Thursday, August 14, 2008

More People to Blame for the Westvleteren Phenomenon.

According to legends now shrouded in mist, the great Westvleteren beer was once a well-kept secret. Or at least it was easier for the few people "in the know" to get their hands on the stuff.

Then one day, so the story goes, sprang up from the ground as if from nowhere. This site and its tickers proclaimed Westvleteren the best beer in the world. Suddenly the abbey had mile-long lines to get the liquid gold, which was going for $50 a bottle on eBay. The monks had to set up a (not so) complicated reservation system. The secret was out! Worst of all: the people who used to be in on that secret could no longer get their beer without a lot of trouble. Very annoying.

Ratebeer, in short, ruined it for everyone. Anyway, that's the conventional wisdom. But that's a bit too simplistic for me. Boring! So I've thought of lots of other people and things for you to blame.

Here are some ideas:

Why not blame the monks for making such great beer and making it hard to get?

Why not blame the fact that everyone loves a great story about a beer that's hard to get?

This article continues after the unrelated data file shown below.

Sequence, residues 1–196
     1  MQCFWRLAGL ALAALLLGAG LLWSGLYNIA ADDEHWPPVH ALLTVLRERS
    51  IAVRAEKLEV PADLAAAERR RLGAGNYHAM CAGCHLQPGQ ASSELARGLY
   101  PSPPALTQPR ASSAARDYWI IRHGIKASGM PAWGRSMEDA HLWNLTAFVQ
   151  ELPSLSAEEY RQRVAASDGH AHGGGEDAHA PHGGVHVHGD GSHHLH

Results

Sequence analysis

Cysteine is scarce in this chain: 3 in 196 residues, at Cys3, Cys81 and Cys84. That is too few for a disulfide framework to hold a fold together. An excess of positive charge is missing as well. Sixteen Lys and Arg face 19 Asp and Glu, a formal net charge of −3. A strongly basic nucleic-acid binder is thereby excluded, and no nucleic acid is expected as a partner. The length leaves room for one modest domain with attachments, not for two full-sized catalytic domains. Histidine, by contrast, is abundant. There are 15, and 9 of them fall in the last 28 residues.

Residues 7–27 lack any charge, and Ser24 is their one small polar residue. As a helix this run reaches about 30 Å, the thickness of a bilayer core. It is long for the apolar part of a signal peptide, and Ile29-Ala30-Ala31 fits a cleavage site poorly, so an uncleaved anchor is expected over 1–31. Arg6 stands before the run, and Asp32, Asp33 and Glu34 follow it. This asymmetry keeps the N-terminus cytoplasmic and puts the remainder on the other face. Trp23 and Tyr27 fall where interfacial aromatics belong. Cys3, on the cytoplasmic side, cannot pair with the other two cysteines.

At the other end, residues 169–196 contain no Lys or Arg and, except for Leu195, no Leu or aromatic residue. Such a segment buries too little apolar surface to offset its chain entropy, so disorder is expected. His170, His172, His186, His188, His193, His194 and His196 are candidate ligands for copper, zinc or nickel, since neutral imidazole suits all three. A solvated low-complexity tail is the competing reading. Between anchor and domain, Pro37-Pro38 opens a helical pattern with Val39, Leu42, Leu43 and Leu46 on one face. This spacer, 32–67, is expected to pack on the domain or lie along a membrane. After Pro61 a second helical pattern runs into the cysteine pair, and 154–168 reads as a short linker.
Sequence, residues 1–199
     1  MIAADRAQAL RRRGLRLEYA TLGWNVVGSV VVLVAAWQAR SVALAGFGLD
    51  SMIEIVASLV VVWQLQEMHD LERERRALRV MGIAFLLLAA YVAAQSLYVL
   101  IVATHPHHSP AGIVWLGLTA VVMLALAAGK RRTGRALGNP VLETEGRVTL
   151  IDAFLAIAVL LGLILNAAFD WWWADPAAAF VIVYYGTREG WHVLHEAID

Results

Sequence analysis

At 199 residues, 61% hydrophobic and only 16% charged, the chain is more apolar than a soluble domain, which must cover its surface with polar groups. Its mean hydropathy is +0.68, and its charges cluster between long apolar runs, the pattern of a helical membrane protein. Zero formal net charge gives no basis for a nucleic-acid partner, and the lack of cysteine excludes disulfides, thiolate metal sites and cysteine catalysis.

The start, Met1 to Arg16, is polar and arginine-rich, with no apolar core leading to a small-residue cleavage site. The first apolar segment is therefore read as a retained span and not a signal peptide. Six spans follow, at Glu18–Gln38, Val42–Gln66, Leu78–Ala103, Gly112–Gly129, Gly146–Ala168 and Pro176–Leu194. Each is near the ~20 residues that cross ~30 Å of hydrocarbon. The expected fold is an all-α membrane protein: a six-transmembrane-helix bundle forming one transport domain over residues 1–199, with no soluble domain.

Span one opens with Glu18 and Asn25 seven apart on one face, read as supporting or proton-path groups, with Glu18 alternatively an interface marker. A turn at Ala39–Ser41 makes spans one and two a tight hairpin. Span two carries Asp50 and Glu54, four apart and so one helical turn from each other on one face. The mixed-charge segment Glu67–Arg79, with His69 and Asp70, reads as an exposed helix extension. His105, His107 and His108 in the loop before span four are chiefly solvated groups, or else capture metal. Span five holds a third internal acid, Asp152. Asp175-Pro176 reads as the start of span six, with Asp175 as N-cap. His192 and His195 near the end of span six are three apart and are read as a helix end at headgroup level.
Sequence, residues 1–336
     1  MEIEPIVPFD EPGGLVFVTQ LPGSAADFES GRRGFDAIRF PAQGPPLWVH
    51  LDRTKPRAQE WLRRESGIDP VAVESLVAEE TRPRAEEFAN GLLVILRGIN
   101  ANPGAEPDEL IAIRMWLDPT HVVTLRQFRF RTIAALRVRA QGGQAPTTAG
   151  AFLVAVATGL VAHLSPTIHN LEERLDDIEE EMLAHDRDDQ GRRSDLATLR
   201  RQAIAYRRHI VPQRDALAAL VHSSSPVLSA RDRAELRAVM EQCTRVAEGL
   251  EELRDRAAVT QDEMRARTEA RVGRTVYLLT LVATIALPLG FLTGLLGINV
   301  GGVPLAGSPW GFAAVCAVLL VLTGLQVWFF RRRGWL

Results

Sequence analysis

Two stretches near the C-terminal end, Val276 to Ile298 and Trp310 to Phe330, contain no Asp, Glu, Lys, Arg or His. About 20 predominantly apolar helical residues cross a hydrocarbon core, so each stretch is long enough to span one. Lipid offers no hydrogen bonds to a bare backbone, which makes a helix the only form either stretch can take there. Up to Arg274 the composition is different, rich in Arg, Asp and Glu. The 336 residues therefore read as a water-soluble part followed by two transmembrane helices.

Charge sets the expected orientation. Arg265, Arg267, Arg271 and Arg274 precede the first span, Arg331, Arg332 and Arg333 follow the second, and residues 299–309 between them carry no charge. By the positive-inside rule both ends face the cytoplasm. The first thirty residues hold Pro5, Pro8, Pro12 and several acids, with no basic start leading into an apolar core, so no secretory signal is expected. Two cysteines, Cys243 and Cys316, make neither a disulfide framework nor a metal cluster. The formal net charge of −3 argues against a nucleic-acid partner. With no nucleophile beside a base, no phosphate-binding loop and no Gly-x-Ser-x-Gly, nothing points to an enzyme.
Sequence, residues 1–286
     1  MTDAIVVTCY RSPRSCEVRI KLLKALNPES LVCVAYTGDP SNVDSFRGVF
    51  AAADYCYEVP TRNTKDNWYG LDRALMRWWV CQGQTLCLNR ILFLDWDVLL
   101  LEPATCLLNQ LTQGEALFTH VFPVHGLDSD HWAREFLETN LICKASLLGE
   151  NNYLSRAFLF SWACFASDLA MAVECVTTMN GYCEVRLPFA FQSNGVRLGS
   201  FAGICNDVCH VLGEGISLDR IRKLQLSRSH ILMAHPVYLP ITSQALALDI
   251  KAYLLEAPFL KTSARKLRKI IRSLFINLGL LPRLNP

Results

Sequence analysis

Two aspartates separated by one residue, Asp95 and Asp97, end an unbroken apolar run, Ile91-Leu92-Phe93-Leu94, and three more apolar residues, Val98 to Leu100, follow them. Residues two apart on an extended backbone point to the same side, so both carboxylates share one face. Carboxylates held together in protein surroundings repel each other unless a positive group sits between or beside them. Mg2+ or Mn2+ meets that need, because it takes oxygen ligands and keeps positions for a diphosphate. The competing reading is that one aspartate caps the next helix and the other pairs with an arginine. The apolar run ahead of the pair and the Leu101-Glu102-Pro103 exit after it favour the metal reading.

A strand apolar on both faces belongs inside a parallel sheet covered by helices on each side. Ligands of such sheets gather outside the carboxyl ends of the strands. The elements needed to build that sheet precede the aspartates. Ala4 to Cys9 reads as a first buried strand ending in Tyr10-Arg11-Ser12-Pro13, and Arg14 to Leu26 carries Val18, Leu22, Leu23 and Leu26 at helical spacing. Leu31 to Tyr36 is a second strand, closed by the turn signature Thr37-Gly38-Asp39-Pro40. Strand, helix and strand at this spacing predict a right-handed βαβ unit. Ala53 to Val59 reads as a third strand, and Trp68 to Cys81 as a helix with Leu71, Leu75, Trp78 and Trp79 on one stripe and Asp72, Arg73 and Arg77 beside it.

Why not blame all the major newspapers for covering it every so often, because it makes a good story?

Why not blame all the beer lovers who like that good story and want to get their hands on some?

Why not blame Tim Webb for giving it five stars in his incredibly useful books?

Why not blame Michael Jackson while we're at it, for initially getting beer tickers all excited in the first place?

Why not blame Al Gore for inventing the Internet, which created an age in which it's virtually impossible to keep a really tasty beer secret?*

Why not blame the loudmouths who keep going on about it?

* OK, I worry that future generations will think that Al Gore actually did invent the Internet, for all the cracks made about it. So listen here, future generations: Al Gore did not invent the Internet. Ratebeer did.


  1. Hi Joe,
    So Tim writes the books about beer travel in Belgium, we do the tours in Belgium so my opinion is based on that.
    Another theory, have you ever thought that the Trappiste 'movement' restricts supply on purpose?
    Supply and demand, after all they are commercial still!

  2. Guilty. Duly chastised. But still thirsty.